Conduct regular EAP drills and simulations to familiarize the personnel involved with their roles and responsibilities during an emergency. This helps ensure a coordinated response and identifies any areas that require improvement or modification.

Documentation and evaluation

Maintain records of any incidents, injuries, or changes made to the EAP. Regularly review and update the plan based on feedback, lessons learned, and any changes in personnel or venue.

Other Considerations

As mentioned above, an EAP should be tailored to the specific needs and requirements of the sporting organization, taking into account the available resources, the nature of the sport, and the level of play.

It is essential that all personnel involved in the sports program are educated about the EAP and receive training in first aid and emergency response procedures.

Why Every Team Should Consider Creating An Emergency Action Plan

Emergency Action Plans (EAPs) should be a priority for every sports team for the following 6 reasons:

  1. Prompt and appropriate medical care: EAPs ensure that in the event of a medical emergency or injury, immediate and appropriate medical care can be provided. Having a structured plan in place allows for a coordinated response and reduces the time it takes to initiate emergency medical procedures. This can be critical in situations where timely intervention can save lives or prevent further complications.
  2. Player safety and well-being: EAPs prioritize the safety and well-being of athletes. By having a comprehensive plan, sports teams can mitigate risks, identify potential hazards, and implement preventive measures. EAPs address not only acute injuries but also potential medical emergencies, such as cardiac events or severe allergic reactions, allowing for a swift and effective response to ensure the best possible outcome for the athletes.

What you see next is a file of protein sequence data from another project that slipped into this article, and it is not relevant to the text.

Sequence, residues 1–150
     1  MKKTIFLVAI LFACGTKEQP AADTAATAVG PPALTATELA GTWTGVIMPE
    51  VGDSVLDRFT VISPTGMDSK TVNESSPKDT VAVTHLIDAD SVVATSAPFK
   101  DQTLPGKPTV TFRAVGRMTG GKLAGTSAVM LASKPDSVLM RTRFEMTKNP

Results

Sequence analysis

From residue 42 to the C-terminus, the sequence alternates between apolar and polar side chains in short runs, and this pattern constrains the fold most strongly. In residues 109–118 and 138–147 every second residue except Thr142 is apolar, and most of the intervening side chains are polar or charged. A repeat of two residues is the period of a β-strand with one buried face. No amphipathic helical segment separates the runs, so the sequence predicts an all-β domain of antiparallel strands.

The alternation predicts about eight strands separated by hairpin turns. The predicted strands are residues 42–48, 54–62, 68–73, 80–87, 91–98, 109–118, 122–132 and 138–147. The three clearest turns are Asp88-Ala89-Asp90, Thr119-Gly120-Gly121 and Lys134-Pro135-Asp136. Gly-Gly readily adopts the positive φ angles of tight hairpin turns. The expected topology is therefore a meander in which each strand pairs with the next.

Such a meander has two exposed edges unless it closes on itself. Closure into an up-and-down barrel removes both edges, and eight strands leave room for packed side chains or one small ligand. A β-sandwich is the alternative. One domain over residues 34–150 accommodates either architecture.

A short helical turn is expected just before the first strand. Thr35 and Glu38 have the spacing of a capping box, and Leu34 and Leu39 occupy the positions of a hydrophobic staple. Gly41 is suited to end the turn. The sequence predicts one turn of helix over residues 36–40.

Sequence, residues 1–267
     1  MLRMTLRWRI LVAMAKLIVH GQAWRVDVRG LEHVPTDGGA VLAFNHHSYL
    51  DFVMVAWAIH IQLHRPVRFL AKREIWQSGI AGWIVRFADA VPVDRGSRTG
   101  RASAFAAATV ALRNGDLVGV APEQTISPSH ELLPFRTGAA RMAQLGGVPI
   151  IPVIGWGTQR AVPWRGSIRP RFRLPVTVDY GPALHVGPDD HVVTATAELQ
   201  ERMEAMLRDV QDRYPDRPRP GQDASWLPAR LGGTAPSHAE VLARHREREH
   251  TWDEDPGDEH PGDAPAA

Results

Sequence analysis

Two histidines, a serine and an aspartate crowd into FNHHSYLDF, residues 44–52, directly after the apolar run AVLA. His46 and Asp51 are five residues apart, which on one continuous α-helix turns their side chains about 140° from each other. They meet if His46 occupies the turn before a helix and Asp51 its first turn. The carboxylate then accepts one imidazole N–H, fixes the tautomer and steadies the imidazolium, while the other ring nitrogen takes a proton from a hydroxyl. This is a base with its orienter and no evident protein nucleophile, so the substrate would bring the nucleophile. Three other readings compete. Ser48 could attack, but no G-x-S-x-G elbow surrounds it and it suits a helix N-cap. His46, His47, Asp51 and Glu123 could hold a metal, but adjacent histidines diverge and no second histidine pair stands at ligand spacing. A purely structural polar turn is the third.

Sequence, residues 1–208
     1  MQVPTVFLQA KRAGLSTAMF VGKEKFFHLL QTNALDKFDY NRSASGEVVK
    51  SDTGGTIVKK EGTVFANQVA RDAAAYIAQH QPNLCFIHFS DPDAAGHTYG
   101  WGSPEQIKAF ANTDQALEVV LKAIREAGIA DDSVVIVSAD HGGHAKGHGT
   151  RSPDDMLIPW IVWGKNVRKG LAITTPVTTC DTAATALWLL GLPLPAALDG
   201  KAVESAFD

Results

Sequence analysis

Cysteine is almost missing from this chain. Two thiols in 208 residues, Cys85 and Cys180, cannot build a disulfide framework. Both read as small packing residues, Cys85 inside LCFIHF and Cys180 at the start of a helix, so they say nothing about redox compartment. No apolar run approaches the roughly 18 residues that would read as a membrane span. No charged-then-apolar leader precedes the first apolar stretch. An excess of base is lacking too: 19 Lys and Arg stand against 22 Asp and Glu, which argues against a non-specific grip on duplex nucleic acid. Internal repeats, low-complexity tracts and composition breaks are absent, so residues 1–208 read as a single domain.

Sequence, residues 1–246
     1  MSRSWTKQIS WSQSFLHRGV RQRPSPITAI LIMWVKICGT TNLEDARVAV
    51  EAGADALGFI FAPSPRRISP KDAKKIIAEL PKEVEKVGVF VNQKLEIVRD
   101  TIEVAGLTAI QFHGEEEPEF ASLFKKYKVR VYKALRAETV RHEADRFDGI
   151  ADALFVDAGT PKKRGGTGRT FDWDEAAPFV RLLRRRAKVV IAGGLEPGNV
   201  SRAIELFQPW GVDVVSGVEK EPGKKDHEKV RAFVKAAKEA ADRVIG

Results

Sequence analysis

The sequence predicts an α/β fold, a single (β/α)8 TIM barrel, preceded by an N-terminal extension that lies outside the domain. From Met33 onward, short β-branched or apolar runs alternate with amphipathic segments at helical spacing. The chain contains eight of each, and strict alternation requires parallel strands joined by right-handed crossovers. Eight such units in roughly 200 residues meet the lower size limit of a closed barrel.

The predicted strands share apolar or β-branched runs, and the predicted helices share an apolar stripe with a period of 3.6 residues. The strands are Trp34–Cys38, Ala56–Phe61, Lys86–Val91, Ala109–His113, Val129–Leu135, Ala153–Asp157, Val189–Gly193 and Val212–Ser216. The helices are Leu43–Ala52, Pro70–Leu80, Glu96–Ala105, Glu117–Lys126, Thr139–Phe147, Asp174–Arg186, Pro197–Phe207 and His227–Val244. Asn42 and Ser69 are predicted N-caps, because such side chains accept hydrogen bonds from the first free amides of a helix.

3. Standardized protocols: EAPs provide standardized protocols and procedures for emergency situations. This ensures that all personnel involved, including coaches, medical staff, and other team members, are aware of their roles and responsibilities during an emergency. Clear communication and a coordinated response help minimize confusion and optimize the efficiency of the emergency response.
  4. Compliance and liability: Many sports organizations and institutions, including professional leagues, universities, and schools, require the implementation of EAPs as a part of their safety and risk management policies. Having a well-documented and regularly updated EAP helps teams meet compliance standards and demonstrates their commitment to providing a safe environment for athletes. It also plays a role in minimizing potential liability risks for the team or organization in the event of an emergency.
  5. Preparedness and confidence: EAPs ensure that sports teams are prepared to handle emergencies. Regular training, drills, and simulations help familiarize team members with their roles, improve their knowledge of emergency procedures, and enhance their confidence in responding effectively during stressful situations. Being prepared and having a plan in place can help reduce panic and enable a swift, well-coordinated response when an emergency occurs.
  6. Public perception and reputation: Effective emergency preparedness reflects positively on sports teams and organizations. Demonstrating a commitment to athlete safety and well-being enhances the public perception and reputation of the team, attracting athletes, sponsors, and supporters. It showcases a proactive approach to risk management and prioritizes the health and safety of the athletes as a top priority.


In this post, we have described the purpose of an emergency action plan and what its essential components should be. We have also presented 6 compelling arguments for each sports organization (including sports teams) to consider creating one that is tailored to its needs. In general, emergency action plans are vital for sports teams to ensure the immediate well-being of athletes, minimize risks, provide standardized protocols, meet compliance requirements, and build confidence in handling emergencies effectively.

We hope that this information has been useful. Please leave any questions you may have below and we will address them as soon as possible.